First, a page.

Typically, immunosuppressive drugs can minimize the risk of transplant rejection. Schwatrz and Dameshek were instrumental in this regard as in 1959 they demonstrated, in rats, that 6-mercaptopurine was immunosuppressive. Many new immunosuppressive agents have been developed since and this has really improved the survival rate of transplanted organs.
Different Types of Transplants
The degree of genetic parity or disparity between the host and the donor determines the success of a graft. A xenograft is the transplant of an organ or tissue between different species and, unsurprisingly, this is where maximum disparity exists and rapid rejection occurs. On the other end of the spectrum are autografts where grafts from one part of the body are used on another part of the same individual. These grafts do not elicit rejection.
Isografts are transplants between genetically identical individuals, while allograft refers to the transplant of organs or tissues between members of the same species but different genetically. Allografts are the most common types of transplants. Histocompatibility between the host and the donor determines the rate of rejection in allografts. ABO refers to the blood group and is one of the key matching factors for transplants, to minimize the risk of rejection.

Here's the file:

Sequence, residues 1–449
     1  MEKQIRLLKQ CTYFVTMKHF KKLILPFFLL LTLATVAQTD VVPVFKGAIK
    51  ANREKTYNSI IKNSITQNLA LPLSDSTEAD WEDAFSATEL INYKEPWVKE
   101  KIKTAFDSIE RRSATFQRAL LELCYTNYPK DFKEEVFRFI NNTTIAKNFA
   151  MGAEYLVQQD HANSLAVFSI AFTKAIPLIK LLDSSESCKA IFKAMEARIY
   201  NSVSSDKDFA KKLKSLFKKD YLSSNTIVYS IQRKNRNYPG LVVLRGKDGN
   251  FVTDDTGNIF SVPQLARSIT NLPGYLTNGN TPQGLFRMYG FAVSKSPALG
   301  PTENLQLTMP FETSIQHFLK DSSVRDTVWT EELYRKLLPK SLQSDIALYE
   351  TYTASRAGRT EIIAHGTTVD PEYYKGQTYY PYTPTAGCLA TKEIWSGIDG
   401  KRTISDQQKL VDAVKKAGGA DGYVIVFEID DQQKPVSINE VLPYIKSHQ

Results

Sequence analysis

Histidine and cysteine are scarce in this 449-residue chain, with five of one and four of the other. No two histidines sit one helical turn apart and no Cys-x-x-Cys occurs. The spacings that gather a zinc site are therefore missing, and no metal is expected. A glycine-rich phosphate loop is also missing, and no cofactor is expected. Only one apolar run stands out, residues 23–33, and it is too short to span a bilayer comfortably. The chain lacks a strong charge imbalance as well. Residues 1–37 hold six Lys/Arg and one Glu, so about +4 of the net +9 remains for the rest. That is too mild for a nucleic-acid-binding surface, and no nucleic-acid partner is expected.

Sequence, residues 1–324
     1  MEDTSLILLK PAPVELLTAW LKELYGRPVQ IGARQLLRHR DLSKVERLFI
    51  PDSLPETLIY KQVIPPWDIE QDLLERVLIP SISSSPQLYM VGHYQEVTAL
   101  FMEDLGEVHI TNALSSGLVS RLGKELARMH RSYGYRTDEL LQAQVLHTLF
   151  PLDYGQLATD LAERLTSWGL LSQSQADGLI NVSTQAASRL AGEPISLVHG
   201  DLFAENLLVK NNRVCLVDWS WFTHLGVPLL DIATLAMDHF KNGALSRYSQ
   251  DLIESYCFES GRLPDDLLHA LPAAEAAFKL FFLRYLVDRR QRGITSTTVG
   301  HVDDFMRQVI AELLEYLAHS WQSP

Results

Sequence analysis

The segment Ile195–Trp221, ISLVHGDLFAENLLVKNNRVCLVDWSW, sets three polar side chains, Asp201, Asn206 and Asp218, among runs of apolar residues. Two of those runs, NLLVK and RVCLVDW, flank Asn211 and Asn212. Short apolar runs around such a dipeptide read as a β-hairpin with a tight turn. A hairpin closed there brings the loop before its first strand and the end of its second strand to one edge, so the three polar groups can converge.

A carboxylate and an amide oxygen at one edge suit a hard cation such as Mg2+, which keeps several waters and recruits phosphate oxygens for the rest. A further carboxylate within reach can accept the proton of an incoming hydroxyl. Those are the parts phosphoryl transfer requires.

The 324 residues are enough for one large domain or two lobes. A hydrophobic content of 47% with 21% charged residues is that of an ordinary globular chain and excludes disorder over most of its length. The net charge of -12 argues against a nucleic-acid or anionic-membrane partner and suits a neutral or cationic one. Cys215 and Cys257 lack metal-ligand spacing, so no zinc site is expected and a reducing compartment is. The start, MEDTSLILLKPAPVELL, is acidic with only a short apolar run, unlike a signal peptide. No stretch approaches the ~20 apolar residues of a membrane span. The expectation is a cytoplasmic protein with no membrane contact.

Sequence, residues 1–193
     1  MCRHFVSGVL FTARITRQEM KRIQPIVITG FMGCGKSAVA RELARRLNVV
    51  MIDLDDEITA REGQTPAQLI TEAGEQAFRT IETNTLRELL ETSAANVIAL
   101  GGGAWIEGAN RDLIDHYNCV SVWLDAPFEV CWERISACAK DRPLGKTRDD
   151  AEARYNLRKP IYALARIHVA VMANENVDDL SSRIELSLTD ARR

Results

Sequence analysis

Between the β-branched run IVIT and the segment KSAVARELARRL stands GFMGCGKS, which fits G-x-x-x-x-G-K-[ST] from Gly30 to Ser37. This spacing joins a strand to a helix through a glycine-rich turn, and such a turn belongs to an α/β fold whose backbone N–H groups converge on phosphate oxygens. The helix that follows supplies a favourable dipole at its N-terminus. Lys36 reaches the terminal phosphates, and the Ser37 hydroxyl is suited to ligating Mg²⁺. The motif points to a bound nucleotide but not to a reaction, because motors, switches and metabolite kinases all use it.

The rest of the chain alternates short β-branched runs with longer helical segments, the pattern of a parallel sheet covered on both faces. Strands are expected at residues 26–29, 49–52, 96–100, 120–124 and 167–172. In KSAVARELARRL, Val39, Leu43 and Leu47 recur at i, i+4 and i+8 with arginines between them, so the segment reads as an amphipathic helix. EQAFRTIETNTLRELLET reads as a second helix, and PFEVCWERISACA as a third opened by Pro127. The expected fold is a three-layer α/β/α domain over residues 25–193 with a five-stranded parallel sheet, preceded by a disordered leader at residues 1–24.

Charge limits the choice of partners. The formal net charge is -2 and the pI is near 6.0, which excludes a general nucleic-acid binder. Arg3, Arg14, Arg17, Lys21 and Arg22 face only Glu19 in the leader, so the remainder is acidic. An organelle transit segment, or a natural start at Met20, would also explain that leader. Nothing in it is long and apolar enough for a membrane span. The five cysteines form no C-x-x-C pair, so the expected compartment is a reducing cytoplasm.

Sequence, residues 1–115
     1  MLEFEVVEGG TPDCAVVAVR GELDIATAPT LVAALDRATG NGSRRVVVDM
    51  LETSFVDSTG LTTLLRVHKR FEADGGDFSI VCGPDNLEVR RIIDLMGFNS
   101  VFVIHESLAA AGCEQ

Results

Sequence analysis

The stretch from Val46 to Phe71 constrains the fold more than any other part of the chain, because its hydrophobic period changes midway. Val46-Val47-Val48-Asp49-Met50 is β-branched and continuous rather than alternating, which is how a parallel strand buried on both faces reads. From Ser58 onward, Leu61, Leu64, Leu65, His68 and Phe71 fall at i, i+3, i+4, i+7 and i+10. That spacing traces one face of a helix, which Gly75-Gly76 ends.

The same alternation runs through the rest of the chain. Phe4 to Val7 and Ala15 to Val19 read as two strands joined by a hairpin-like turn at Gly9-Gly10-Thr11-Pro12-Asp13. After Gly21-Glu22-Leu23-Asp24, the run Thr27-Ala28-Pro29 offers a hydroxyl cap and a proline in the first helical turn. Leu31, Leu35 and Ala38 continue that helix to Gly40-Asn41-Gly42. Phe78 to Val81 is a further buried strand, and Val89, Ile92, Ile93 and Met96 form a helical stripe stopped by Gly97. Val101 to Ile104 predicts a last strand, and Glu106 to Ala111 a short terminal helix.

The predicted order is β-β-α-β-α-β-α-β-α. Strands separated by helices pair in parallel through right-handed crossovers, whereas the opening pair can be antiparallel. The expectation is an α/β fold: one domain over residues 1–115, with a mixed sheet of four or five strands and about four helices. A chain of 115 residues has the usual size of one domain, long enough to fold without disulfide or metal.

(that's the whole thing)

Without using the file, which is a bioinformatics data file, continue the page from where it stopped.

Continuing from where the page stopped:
Mechanism and Stages of Immune Rejection
When the immune system deems a transplant to be foreign, it mounts an attack to protect the body. The immune system sees the invader as an antigen, which leads to the production of antigen-specific antibodies.
The proteins responsible for identifying antigens are encoded by a group of genes, i.e., the Human Leukocyte Antigen (HLA). The HLA is individual-specific and depends on the genetic make-up. The donor’s HLA (or other surface proteins) on the transplant will be deemed as foreign by the host’s immune system, leading to rejection.
There are different stages of clinical rejection. Hyperacute rejection occurs within minutes or hours of the operation. This is often caused by the presence of recipients’ antibodies (perhaps from previous blood transfusions) that match the donor’s antigens. The reaction of antibodies and antigens causes blood clots and leads to immediate rejection.